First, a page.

MRI Technique Shows Emphysema in Asymptomatic Smokers

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Smoking and Emphysema

A new imaging method has revealed early signs of emphysema in smokers with no external symptoms of the disease, according to a study published in the June issue of Radiology. The study, supported by the National Institutes of Health, details a new magnetic resonance imaging (MRI) technique that appears to be much more sensitive to lung changes than even the current modality of choice, computed tomography (CT).

"With this technology, we have shown that it is possible to measure the severity of emphysema and its progression through time without the radiation exposure of lung CT tests," said Sean B. Fain, Ph.D., lead author and assistant professor of medical physics and radiology at the University of Wisconsin, Madison.

Emphysema is a chronic, progressive lung disease, which permanently damages the air sacs in the lungs. As the size of the air sacs (or "airspaces") increase, cavities form in the lung tissue, hindering oxygen delivery. According to the American Lung Association, over 3 million people in the United States have been diagnosed with emphysema, and millions more are in the early stages of the disease before signs and symptoms appear. Smoking cigarettes triples the risk of developing the disease.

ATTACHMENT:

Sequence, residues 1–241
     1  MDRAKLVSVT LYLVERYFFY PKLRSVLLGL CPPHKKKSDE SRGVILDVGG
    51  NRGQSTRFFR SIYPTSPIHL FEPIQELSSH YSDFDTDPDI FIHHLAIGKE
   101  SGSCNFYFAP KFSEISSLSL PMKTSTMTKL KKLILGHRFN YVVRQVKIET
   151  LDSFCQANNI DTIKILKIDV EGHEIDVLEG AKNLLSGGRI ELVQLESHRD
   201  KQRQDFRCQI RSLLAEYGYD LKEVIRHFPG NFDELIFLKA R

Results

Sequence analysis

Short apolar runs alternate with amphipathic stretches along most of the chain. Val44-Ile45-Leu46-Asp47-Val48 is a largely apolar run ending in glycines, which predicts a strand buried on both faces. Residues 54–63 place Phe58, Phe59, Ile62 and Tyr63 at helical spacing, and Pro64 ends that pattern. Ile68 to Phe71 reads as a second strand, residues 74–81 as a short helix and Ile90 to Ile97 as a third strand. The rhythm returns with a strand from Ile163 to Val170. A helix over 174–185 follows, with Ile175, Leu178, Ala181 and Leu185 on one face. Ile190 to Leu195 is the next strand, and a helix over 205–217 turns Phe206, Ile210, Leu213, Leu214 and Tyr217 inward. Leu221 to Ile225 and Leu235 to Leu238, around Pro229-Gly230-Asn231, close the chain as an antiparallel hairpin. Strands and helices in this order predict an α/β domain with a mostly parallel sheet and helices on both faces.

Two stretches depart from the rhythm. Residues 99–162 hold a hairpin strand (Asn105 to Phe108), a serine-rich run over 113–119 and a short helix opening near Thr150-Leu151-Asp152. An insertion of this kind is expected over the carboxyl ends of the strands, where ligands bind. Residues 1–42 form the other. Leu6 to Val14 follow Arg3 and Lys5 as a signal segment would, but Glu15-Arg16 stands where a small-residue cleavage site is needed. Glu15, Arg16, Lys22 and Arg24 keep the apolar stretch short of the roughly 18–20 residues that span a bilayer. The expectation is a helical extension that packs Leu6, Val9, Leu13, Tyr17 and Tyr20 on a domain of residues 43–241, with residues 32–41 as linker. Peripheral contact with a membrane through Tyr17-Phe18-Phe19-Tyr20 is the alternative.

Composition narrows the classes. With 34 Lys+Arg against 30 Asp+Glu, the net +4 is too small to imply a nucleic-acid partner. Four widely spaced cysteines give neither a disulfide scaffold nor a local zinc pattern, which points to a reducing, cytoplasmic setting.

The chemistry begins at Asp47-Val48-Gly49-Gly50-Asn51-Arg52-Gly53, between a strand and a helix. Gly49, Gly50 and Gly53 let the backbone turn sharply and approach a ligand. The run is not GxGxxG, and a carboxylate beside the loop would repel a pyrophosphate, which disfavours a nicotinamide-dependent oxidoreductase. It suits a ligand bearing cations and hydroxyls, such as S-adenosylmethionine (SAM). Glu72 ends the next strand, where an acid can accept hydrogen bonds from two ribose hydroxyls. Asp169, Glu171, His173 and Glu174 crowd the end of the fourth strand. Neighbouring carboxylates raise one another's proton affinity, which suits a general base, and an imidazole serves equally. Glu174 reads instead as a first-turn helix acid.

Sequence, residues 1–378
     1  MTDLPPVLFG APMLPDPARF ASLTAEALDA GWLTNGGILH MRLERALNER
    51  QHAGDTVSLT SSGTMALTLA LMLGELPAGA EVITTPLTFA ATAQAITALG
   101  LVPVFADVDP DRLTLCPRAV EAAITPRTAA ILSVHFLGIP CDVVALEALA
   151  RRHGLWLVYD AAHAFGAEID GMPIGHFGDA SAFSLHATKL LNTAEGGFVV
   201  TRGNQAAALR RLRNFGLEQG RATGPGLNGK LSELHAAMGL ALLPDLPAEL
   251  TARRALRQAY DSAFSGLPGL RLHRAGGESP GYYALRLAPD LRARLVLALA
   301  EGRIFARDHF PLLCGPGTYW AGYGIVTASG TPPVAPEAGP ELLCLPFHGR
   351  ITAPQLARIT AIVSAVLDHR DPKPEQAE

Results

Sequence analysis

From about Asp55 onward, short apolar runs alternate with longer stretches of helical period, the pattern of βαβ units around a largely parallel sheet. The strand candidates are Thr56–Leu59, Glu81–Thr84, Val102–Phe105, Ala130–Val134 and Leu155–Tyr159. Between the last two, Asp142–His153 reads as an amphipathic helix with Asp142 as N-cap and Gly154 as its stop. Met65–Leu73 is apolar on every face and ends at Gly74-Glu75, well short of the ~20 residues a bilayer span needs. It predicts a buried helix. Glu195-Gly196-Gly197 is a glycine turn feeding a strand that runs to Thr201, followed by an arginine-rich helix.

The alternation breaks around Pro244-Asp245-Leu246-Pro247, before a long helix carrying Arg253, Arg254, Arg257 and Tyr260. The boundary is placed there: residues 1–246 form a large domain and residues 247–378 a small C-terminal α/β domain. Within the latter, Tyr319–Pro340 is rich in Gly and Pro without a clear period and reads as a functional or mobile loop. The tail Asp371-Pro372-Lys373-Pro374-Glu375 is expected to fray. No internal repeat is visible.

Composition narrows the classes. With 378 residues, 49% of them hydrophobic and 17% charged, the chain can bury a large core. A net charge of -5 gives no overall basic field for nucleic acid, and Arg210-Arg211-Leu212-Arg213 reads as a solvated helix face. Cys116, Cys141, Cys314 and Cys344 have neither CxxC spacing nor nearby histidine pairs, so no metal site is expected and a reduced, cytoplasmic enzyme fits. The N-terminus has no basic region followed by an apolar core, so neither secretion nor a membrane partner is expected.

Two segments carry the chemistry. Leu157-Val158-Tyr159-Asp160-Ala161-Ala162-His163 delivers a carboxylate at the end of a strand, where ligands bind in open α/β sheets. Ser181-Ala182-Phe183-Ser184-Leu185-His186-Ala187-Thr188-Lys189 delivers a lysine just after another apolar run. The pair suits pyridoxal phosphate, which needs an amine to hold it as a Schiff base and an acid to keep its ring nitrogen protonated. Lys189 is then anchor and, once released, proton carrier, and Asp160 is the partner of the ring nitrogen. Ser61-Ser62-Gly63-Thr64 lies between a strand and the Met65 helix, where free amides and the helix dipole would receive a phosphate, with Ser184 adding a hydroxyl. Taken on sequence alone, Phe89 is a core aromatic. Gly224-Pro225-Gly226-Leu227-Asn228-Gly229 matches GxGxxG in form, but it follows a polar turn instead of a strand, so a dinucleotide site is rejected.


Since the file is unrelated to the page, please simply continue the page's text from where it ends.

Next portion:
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The researchers had 19 volunteers inhale a special kind of "hyperpolarized" helium before they performed two MRI tests of the lungs. Eleven of the volunteers were smokers with no symptoms of emphysema, and the remaining eight were nonsmokers. The first image the researchers acquired showed obstructed areas of the lungs, where the air was unable to pass. The second image they obtained is called an apparent diffusion coefficient (ADC) map, which shows the size of the airspaces in the lungs. Because emphysema increases airspace size, the ADC map shows the location and severity of the disease.

"The ADC maps are very sensitive to changes in the lung structure," Dr. Fain said. "With this tool, it was shown that even smokers that appear healthy have enlarged lung airspaces that suggest emphysema is already developing."

With increasing smoking history, the ADC maps showed progressive breakdown of the lung structure in all regions of the lungs. All smokers with a history greater than 18 pack-years (equivalent to one pack of cigarettes per day for 18 years) showed significant abnormalities compared to nonsmokers.

CT was performed after MRI, to allow comparison between the two modalities. Even though CT is the more established modality in the investigation of lung disease, it failed to show the same defects detected with MRI. Moreover, with the combination of MRI and hyperpolarized helium, the researchers were able to measure lung structures with 2

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